Wikipedia article of the day for April 20, 2019 selected by Livio Acerbo Bot

The Wikipedia article of the day for April 20, 2019 is Ontario Highway 420.
King’s Highway 420 is a 400-series highway in the Canadian province of Ontario that connects the Queen Elizabeth Way (QEW) with downtown Niagara Falls. The roadway continues east as the limited-access expressway Niagara Regional Road 420, which was transferred to the jurisdiction of the Regional Municipality of Niagara in 1998; it connects with the Rainbow Bridge at the border with the United States over the Niagara River. King’s Highway 420 has a speed limit of 80 kilometres per hour (50 mph), making it the only 400-series highway to have a speed limit less than 100 kilometres per hour (62 mph) for its entirety. Originally constructed as a divided four-lane road with two traffic circles, the route of Highway 420 formed part of the QEW between 1941 and 1972. It was assigned a unique route number during its reconstruction as [...]  read more

Wikipedia article of the day for April 19, 2019 selected by Livio Acerbo Bot

The Wikipedia article of the day for April 19, 2019 is Irritator.
Irritator was a spinosaurid dinosaur that lived in what is now Brazil about 110 million years ago, during the Early Cretaceous. It is known from a nearly complete skull found in the Romualdo Formation of the Araripe Basin. The genus name reflects the irritation of paleontologists who found that the skull had been heavily damaged and altered by collectors. Estimated at between 6 and 8 meters (20 and 26 ft) in length, Irritator weighed around 1 tonne (1.1 short tons), making it one of the smallest spinosaurids known. Its long, shallow and slender snout was lined with straight and unserrated conical teeth. Lengthwise atop the head ran a thin sagittal crest, to which powerful neck muscles were likely anchored. A generalist diet—like that of today’s crocodilians—has been suggested. Irritator inhabited the tropical environment of a coastal lagoon surrounded [...]  read more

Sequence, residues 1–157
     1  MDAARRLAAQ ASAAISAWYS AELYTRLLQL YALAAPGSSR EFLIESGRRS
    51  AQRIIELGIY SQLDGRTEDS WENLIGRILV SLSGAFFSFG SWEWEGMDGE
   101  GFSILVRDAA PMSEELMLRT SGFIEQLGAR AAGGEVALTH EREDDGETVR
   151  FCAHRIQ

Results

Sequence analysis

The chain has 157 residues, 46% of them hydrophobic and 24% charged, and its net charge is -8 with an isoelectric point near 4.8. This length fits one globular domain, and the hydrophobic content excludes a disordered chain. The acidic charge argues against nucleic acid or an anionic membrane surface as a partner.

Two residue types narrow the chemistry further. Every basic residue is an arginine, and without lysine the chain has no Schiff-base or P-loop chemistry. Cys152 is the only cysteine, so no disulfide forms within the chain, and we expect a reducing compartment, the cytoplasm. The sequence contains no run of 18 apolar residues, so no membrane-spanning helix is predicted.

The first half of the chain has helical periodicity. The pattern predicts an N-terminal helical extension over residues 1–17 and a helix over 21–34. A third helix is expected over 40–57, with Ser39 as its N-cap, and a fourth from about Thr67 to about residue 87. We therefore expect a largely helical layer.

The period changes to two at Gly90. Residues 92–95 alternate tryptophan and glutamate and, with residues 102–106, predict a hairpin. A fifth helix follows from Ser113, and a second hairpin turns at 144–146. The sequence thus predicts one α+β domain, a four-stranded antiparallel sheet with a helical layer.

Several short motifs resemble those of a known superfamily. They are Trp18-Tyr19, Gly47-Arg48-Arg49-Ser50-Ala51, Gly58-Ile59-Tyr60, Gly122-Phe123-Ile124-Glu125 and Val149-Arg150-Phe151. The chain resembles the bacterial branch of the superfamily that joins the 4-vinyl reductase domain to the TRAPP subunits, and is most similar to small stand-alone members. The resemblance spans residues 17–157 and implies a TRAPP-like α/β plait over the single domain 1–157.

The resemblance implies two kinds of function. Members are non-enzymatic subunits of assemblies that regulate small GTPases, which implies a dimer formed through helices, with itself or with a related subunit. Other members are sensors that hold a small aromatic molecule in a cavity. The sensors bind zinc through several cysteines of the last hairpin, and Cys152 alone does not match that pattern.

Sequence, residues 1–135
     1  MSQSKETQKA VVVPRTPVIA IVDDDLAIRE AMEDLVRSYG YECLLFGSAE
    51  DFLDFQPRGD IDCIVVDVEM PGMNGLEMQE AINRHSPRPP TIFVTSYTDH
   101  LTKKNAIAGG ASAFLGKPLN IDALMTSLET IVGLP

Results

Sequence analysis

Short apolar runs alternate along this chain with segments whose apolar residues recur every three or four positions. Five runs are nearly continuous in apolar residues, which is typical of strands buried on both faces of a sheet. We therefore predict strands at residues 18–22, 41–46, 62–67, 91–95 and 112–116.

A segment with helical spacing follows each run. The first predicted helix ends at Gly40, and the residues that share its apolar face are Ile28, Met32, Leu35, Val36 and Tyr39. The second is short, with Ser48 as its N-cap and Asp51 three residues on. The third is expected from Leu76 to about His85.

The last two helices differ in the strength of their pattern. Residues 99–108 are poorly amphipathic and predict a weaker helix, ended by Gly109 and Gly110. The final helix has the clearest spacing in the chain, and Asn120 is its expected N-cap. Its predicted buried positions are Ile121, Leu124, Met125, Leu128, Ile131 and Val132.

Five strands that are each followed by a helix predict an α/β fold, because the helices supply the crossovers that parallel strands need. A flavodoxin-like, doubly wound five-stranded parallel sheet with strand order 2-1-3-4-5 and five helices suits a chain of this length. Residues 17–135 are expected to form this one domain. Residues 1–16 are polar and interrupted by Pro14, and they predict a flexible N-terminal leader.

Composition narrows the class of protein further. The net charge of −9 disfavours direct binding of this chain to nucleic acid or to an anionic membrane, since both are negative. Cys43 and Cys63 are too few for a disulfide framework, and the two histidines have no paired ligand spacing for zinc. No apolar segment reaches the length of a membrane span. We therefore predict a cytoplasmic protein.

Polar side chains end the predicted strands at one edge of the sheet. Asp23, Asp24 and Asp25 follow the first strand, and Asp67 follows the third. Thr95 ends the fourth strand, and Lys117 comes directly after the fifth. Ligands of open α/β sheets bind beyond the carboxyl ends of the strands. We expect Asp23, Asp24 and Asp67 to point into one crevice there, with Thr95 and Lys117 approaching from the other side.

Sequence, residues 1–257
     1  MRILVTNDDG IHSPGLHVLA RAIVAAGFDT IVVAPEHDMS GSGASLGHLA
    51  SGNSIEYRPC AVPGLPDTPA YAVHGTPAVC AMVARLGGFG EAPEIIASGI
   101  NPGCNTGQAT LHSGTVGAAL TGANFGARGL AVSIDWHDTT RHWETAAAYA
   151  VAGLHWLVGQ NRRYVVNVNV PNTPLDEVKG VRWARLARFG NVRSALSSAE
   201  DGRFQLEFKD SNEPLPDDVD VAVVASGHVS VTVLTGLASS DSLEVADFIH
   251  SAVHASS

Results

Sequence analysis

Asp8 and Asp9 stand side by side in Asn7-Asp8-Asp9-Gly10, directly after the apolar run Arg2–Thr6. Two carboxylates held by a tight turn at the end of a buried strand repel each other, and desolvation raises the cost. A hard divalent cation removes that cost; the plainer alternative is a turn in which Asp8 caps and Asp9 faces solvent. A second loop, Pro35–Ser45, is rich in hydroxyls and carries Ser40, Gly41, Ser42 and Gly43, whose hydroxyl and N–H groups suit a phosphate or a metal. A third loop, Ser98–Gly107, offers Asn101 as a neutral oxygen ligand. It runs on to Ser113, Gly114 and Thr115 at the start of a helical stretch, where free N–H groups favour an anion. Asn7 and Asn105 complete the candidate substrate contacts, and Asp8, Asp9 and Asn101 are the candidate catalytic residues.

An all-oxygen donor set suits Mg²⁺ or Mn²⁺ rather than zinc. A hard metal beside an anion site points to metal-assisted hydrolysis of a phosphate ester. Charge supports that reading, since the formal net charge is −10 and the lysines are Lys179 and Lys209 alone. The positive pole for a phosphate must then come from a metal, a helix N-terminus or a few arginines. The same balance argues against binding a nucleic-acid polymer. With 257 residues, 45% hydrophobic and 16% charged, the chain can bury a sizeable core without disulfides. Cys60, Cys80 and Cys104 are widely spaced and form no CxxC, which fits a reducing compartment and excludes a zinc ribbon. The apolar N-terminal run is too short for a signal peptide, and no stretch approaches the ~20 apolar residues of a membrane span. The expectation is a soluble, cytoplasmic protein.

Wikipedia article of the day for April 18, 2019 selected by Livio Acerbo Bot

The Wikipedia article of the day for April 18, 2019 is Sissinghurst Castle Garden.
Sissinghurst Castle Garden, at Sissinghurst in the Weald of Kent in England, was created by Vita Sackville-West, poet and writer, and her husband Harold Nicolson, author and diplomat. Designated Grade I on Historic England’s register of historic parks and gardens, it had nearly 200,000 visitors in 2017. It was bought by Sackville-West in 1930, and over the next thirty years, working with, and later succeeded by, a series of notable head gardeners, she and Nicolson transformed a farmstead of “squalor and slovenly disorder” into one of the world’s most influential gardens. The garden design is based on axial walks that open onto enclosed gardens, termed “garden rooms”, one of the earliest examples of this gardening style. Following Sackville-West’s death in 1962, the estate was gifted to [...]  read more

Wikipedia article of the day for April 17, 2019 selected by Livio Acerbo Bot

The Wikipedia article of the day for April 17, 2019 is Eliza Acton.
Eliza Acton (17 April 1799 – 13 February 1859) was an English food writer and poet. In 1845 her cookbook Modern Cookery for Private Families was released. It was one of Britain’s first cookbooks aimed at the domestic reader and introduced the now-universal practice of listing ingredients and giving suggested cooking times for each recipe. It included the first recipes in English for Brussels sprouts and for spaghetti, and contains the first printed reference to Christmas pudding. Engagingly written, the book was well received by reviewers. It was reprinted within the year and several editions followed until 1918. In the later years of its publication, Modern Cookery was eclipsed by the success of Isabella Beeton’s bestselling Mrs Beeton’s Book of Household Management (1861), which included several recipes plagiarised from Acton’s [...]  read more

Wikipedia article of the day for April 16, 2019 selected by Livio Acerbo Bot

The Wikipedia article of the day for April 16, 2019 is French battleship Courbet (1911).
Courbet was the lead ship of her class of four dreadnought battleships, the first ones built for the French Navy. In World War I, after helping to sink the Austro-Hungarian protected cruiser SMS Zenta in August 1914, she provided cover for the Otranto Barrage that blockaded the Austro-Hungarian Navy in the Adriatic Sea, and often served as a flagship. Although upgraded several times before World War II, by the 1930s she was no longer considered to be a first-line battleship and spent much of that decade as a gunnery training ship. A few weeks after the German invasion of France on 10 May 1940, Courbet was hastily reactivated. She supported Allied troops in the defence of Cherbourg during mid-June. As part of Operation Catapult, she was seized in Portsmouth by British forces on 3 July and was turned over to the Free [...]  read more

Wikipedia article of the day for April 15, 2019 selected by Livio Acerbo Bot